Even though this whole government shutdown thing is all about division, it's kind of unifying in one important way: we, the people, are all of us exasperated, and we all think our elected officials, no matter the party, could really stand to work on their compromise skills.
We don't let our toddlers act this way, do we? If my kid gets in an argument with a friend on the playground, I'm not going to let her walk away and sulk about it, nor am I going to let her retaliate out of blind spitefulness. We tell our kids they have to work it out, and the way to do that is to talk it out. Taking your ball and going home never solved anything in the long term.
We teach our kids to keep their promises and finish what they started. We urge sharing from Day 1. We want them to stick up for their friends, but we also want them to learn to get along with strangers and maybe even with people they don't particularly like. That's life, we tell them. You might as well make the best of it.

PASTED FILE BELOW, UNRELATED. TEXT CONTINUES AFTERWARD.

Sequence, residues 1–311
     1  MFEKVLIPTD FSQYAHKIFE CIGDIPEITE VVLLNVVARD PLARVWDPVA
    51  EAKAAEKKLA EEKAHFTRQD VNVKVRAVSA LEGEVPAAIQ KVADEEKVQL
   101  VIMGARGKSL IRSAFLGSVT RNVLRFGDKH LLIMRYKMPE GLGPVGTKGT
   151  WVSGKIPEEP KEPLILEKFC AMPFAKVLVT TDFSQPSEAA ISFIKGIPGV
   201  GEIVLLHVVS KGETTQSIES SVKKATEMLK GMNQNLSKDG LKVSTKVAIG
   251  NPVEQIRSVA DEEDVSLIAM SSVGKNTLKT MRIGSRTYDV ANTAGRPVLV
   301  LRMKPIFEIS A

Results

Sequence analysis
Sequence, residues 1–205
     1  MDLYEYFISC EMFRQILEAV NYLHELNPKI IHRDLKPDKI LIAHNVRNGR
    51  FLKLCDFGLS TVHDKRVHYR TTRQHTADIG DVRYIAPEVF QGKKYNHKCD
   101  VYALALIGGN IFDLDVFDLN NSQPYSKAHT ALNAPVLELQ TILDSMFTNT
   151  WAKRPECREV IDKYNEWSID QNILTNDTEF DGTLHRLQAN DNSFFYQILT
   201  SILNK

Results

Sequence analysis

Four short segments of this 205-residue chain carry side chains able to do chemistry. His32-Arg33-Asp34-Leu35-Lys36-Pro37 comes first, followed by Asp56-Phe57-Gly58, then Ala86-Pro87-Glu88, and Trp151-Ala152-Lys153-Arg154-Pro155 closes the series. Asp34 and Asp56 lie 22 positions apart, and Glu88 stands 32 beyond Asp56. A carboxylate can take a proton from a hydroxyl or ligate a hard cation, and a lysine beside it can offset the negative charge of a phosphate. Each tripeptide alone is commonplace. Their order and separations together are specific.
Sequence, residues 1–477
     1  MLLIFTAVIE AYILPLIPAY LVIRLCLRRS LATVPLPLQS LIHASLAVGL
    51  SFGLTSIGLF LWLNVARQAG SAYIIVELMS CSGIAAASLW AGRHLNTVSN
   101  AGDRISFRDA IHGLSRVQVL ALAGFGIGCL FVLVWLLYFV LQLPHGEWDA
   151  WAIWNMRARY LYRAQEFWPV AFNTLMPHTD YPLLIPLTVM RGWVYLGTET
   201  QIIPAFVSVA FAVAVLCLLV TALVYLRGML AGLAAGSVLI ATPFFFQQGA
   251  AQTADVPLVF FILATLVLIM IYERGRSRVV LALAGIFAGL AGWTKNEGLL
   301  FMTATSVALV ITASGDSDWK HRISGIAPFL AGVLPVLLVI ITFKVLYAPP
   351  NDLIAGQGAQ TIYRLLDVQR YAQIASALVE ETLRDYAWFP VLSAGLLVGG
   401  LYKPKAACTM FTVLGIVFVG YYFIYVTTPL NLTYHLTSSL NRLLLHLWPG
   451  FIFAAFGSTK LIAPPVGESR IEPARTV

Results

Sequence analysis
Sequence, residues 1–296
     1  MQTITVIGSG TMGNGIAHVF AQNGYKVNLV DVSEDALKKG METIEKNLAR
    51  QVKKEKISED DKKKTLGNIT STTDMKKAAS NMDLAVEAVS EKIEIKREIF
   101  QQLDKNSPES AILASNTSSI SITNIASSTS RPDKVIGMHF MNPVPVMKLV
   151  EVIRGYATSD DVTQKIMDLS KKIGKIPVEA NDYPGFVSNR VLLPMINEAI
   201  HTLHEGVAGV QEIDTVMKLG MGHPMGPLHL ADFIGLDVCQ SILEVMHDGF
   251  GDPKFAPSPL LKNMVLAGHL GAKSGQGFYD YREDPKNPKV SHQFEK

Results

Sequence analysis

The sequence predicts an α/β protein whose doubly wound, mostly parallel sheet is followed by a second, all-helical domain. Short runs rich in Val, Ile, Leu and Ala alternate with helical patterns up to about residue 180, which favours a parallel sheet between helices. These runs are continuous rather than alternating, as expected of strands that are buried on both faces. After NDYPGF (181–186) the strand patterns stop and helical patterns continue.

Think for yourself, we tell our children -- you don't always have to do what everyone else is doing. Do what's right, not what's popular, and do it for the right reasons.
A lot of people are saying that what Congress needs to break this gridlock is a miracle. I say what they need is a mother. Clearly, someone with a firm but gentle hand needs to sit everyone down, tease out the important issues (and put aside the side matters), pass out some snacks and get everyone talking again. Maybe, if mama is watching, these overgrown toddlers will stop their crying and finger-pointing, put on their big-boy or big-girl pants and figure out a way to work together like they're supposed to.
They all, at one time, had mamas who, presumably, raised them right. Now we, the people, are the mama. And mama is NOT happy. This mama in particular is hoping they get their work done, finally. After that? They're so grounded.